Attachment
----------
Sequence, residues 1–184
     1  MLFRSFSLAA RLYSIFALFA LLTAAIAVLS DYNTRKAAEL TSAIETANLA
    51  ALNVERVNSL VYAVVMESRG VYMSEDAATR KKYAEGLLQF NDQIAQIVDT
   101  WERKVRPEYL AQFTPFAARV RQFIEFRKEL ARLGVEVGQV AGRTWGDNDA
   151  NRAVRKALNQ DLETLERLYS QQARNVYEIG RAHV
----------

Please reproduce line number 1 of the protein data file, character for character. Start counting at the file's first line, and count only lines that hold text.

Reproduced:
Sequence, residues 1–184